Wednesday, July 23, 2014

State attorneys general's and e cigs aka Y'all gonna make me loose my mind

I am no blogger.

More's the pity,because honestly this could use a rewrite by someone with good grammar skills and an understanding of how all of this connects to each other.

The state AG'S are a force to be reckoned with.

They run a sort of regulatory agency all of their own with no constitutional restrictions or oversight.

I think to best explain it you would need to look at an article written by Daniel Fisher in 2008.

The name of the article is The House Tobacco Built

(I'll place a small portion of the text here but it is worth a read to try and grasp exactly what I think is coming.)

Beside funding antismoking campaigns, the loot from the tobacco companies has helped turn this once sleepy professional association into a kind of super regulatory body, hunting for antitrust and consumer-fraud violations. It doesn’t sue anybody, instead working behind the scenes to coordinate the efforts of state attorneys general and provide legal advice.

“This is a de facto regulatory agency, they just don’t call it that,” says Michael S. Greve of the conservative American Enterprise Institute. “It corresponds to nothing we know about the constitutional landscape.”

So from that piece we see some odd things,the MSA money and what is done with it,where it goes and what they do with the things they have uncovered.

But it gets weirder and it once again ties into the State AG's and yet another Fischer piece,this one more recent but still worth careful reading.

Holy End Run! Attorneys General Urge Action As E-Cigarettes Gain Market Share

There could be trouble ahead, however. Payments under the MSA fell from $7.6 billion in 2009 to $6.2 billion last year, and Fitch Ratings warned earlier this month that e-cigs could threaten bonds backed by MSA payments.

All of which explains the concern over at NAAG, which some jokingly dub the National Association of Aspiring Governors. In their letter to the FDA, and by extension, Congress, the AGs warn that youth surveys show e-cig use doubled last year.

Consumers are led to believe that e-cigarettes are a safe alternative to cigarettes, despite the fact that they are addictive, and there is no regulatory oversight ensuring the safety of the ingredients in e-cigarettes.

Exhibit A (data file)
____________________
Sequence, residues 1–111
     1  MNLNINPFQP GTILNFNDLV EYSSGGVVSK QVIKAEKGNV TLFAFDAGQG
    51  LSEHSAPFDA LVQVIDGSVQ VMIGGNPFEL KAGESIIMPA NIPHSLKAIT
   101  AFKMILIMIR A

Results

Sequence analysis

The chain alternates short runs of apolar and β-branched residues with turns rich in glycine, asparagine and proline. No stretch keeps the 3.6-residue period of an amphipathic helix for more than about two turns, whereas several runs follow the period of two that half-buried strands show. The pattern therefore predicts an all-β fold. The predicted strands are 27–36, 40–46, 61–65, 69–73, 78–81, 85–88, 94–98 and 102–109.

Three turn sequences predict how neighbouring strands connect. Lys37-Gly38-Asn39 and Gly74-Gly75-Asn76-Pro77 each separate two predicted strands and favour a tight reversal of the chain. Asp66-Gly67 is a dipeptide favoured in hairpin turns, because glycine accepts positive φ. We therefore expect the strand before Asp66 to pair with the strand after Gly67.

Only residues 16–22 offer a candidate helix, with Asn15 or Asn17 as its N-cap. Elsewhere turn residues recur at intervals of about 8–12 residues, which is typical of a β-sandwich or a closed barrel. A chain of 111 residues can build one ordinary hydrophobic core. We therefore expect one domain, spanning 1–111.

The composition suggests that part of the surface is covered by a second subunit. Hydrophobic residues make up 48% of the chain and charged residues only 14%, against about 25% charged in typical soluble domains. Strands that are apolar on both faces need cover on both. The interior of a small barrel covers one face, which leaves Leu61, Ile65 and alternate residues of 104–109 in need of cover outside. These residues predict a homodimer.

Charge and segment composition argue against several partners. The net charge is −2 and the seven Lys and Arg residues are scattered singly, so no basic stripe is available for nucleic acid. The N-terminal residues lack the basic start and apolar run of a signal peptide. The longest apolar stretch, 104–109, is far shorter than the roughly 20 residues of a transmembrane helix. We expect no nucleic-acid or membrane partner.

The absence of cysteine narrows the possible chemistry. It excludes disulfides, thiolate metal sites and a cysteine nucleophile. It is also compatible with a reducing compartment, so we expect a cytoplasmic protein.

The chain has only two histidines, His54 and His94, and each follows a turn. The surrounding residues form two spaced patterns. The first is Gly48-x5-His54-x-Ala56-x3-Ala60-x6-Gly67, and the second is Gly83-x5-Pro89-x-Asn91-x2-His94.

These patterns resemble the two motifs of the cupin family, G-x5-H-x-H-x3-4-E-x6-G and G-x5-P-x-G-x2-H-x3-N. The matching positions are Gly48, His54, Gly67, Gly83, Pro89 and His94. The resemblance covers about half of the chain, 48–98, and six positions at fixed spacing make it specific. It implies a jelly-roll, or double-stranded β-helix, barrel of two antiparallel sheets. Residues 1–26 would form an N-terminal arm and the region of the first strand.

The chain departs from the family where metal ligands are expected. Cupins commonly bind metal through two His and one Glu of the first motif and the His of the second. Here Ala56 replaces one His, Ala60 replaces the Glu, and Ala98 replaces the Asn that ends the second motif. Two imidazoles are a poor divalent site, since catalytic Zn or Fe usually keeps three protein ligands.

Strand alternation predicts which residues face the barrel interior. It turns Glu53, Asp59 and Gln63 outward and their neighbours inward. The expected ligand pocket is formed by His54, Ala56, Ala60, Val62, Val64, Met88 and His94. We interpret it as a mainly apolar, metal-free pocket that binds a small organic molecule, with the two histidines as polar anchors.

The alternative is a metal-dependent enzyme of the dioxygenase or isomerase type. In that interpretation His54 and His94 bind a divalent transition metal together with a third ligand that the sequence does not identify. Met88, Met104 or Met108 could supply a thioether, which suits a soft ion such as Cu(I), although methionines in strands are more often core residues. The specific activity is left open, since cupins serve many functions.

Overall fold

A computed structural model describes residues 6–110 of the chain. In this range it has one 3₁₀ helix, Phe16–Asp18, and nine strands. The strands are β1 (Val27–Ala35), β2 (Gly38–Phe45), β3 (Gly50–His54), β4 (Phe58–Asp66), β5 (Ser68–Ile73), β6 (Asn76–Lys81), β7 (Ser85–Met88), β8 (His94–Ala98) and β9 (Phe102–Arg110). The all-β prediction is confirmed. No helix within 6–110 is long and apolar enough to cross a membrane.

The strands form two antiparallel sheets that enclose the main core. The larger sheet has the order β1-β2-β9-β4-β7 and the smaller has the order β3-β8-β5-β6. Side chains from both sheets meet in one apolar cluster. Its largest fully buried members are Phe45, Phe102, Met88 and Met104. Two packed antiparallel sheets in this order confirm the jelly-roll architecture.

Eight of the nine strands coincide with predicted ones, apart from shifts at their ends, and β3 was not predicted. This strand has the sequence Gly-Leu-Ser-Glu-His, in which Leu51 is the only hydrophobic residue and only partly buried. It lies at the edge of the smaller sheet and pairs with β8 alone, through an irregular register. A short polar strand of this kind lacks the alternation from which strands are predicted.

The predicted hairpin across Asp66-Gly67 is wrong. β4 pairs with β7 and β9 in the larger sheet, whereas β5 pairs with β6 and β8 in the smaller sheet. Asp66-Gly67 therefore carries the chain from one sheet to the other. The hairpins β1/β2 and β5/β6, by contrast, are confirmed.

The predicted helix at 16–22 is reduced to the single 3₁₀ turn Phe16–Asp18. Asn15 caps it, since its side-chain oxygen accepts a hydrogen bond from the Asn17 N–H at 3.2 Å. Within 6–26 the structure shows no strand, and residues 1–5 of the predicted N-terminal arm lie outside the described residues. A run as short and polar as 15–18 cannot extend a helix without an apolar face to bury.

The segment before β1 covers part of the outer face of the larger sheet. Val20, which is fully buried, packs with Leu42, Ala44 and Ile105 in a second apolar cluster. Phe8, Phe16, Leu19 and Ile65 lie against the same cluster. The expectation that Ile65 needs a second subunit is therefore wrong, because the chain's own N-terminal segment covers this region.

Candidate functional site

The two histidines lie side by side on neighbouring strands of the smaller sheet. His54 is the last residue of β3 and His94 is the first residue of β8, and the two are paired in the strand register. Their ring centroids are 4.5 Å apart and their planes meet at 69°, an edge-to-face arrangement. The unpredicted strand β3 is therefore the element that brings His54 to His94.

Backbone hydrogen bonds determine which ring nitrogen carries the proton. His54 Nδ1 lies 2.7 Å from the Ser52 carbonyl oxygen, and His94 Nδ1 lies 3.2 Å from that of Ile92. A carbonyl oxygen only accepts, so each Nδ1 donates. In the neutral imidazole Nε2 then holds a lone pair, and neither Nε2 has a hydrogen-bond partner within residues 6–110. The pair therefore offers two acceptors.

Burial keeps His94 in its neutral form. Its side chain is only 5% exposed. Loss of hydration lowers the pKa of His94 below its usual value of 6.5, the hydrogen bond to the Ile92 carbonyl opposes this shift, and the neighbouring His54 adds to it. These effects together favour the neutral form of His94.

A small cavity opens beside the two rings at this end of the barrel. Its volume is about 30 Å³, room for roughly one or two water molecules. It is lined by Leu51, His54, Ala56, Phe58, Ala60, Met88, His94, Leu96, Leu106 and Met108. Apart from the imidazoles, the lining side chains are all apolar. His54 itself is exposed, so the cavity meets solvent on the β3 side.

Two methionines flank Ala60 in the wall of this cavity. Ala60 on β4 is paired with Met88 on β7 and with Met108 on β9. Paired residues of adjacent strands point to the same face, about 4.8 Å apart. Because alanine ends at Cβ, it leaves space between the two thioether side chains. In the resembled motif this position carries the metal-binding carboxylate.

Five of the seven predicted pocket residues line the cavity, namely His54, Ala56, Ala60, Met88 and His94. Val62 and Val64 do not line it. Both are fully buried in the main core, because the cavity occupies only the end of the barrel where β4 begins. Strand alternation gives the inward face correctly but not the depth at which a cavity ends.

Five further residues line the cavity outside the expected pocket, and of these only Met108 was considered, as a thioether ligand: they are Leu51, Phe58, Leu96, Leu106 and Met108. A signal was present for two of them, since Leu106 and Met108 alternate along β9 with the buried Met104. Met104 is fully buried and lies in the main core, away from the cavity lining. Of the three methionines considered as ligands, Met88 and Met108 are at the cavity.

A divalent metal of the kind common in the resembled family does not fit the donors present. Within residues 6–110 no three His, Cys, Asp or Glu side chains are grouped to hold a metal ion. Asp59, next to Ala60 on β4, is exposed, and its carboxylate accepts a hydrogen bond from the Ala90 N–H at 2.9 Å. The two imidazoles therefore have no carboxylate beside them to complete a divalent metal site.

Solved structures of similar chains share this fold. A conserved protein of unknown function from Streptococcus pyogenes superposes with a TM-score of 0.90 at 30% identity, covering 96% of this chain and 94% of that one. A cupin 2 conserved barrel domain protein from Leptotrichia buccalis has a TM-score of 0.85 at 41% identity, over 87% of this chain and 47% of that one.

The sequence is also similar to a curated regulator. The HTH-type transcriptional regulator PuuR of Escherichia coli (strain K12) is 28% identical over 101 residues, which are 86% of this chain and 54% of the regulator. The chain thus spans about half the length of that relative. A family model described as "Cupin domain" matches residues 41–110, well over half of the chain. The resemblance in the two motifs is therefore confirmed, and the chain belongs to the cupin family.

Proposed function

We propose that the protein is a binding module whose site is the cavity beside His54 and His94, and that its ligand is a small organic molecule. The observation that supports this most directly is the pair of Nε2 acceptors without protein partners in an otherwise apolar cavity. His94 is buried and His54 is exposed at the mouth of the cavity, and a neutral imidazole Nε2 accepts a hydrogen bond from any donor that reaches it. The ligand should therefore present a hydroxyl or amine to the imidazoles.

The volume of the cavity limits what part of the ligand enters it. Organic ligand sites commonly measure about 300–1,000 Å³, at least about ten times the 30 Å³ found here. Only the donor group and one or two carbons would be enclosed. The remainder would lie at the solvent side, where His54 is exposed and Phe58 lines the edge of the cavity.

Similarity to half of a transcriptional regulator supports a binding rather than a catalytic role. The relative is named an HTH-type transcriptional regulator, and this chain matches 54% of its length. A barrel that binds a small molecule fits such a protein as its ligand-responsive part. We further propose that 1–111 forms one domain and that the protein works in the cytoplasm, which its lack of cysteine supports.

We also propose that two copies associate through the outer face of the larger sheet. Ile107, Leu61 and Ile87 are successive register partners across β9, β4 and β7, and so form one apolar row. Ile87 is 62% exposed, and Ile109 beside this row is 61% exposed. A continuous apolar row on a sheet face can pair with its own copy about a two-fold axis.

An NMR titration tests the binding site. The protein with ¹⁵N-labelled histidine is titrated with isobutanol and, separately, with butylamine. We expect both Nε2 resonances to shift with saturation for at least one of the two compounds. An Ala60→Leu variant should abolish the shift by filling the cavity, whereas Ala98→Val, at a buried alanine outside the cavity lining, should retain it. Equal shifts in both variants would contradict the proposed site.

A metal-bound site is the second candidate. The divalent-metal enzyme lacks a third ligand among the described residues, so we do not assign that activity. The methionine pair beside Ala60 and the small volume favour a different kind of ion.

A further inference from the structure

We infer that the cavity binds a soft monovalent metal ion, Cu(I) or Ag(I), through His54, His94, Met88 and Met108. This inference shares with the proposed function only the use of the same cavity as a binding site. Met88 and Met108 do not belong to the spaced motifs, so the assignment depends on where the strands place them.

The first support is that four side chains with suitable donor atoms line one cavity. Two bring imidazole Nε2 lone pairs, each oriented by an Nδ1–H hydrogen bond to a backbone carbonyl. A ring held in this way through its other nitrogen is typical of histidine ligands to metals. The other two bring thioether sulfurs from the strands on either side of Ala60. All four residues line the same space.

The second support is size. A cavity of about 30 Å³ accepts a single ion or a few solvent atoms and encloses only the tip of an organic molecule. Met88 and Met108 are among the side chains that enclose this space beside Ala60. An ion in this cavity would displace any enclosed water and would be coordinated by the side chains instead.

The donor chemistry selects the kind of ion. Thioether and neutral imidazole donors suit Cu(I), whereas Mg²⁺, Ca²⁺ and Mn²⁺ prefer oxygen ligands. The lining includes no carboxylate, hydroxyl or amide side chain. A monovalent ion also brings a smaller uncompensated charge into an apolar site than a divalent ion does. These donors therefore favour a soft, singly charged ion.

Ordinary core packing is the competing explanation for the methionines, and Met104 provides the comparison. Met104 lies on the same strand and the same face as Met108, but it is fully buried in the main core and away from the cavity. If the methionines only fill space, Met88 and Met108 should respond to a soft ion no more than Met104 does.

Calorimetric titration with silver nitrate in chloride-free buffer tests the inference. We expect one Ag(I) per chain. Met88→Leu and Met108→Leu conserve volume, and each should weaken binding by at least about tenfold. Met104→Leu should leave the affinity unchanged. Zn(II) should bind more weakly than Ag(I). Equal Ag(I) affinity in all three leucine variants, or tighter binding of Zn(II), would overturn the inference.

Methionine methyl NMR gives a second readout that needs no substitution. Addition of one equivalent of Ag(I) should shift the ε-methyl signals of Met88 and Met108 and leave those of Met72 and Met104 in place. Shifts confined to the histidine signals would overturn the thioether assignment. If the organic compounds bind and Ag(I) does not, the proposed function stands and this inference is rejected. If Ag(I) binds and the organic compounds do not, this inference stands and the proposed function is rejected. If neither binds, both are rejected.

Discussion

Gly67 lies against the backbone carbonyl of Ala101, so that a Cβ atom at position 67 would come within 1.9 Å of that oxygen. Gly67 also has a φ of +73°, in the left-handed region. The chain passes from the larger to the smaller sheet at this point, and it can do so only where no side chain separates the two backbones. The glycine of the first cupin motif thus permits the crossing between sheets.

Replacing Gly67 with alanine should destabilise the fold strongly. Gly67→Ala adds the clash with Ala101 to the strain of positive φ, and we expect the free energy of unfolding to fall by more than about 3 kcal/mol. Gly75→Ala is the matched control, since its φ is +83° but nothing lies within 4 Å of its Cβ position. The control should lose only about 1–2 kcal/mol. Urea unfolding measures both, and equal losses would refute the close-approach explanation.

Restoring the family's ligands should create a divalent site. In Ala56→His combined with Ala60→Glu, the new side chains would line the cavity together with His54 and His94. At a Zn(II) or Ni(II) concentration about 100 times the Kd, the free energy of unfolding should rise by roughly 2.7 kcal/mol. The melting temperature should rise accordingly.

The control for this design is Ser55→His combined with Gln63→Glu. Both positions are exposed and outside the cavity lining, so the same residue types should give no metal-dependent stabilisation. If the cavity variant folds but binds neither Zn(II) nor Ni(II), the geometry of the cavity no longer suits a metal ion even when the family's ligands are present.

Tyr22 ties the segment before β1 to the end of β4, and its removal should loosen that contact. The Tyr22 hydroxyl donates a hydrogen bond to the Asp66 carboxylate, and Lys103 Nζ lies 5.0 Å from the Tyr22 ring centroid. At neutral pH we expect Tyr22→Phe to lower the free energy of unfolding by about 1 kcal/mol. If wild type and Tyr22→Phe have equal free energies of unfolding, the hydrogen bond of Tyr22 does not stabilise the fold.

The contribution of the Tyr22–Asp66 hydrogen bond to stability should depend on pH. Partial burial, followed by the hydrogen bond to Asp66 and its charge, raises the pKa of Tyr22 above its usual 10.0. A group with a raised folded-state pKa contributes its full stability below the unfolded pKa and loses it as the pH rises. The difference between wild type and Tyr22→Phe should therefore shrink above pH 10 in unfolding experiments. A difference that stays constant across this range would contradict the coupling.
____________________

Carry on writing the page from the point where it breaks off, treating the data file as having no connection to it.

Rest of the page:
All good reasons to fold the newfangled products under the oversight of the feds, which the FDA is expected to do by the end of next month. But there’s not much the AGs can do to plug the loophole that is draining revenue from their 1998 settlement agreement. Having bet on the continued success of conventional cancer sticks, they were caught sleeping when the market went digital.

(I have to stress the above portion of text are not my words.)

We know the tobacco bond market is in the toilet and circling the drain ever so quickly.

Some blame e cigarettes,they might be correct in that assumption,

Again from Forbes

Tobacco Bonds Feel Heat From E-Cigarettes

Meanwhile, lawmakers in states including New Jersey and Minnesota are taking measures to tax electronic cigarettes like traditional tobacco products, which could reduce growth.

"Something that might slow this down is if more legislation gets implemented to tax or ban e-cigarettes, which would be beneficial to the sale of combustible cigarettes," said BlackRock's Mr. Milway.

So here we can sense a sort of threat both in the language used and in the implications about regulation and what the bond market would like to see,a growth in traditional tobacco and a steady death of e cigarettes.

And from a recent New York Times piece

Officials Focus on E-Cigarette Ads Aimed at Youths

State attorneys general must investigate, and consider taking legal action against, e-cigarette companies that appear to be using some of the same advertising tactics that once drew young adults into smoking, a Kentucky deputy attorney general told his law enforcement colleagues gathered here for a retreat to discuss emerging legal issues in states nationwide.

The gathering of nearly two dozen attorneys general, and senior members of their staffs, came on the 20th anniversary of the initiation of the historic lawsuit that states filed against tobacco companies — resulting ultimately in an approximately $10 billion annual payment, which is still being made, and an agreement to restrict advertising everywhere from outdoor billboards to sports events, to try to curtail the appeal of tobacco to youths

Sean Riley, the chief deputy attorney general of Kentucky, told his law enforcement colleagues that Kentucky had left behind its status as the state with the highest percentage of youth smokers. But he said he was concerned that e-cigarette advertising could reverse that progress.

I find it fishy and suspicions are raised when every single one of these mentions one group or another willing to step on and stomp to death a new industry for it's own gain.

I am starting to assume from a careful look that the next few years are going to be an uphill battle for vapers as they start to be attacked on all sides,from the WHO,from their own governments both state and local and of course from the propaganda pieces like this that we're starting to see appearing in newspapers everywhere.

And if you never thought it or ever dared to believe it before by now you can begin to see why it rings so true what Dick Puddlecote has always said.

It's Never Been About Health

(And because it's tradition a song that feels fitting.

They are headed our way and we know it.

Ya sorry about the profanity, But it was more included because of the chorus.)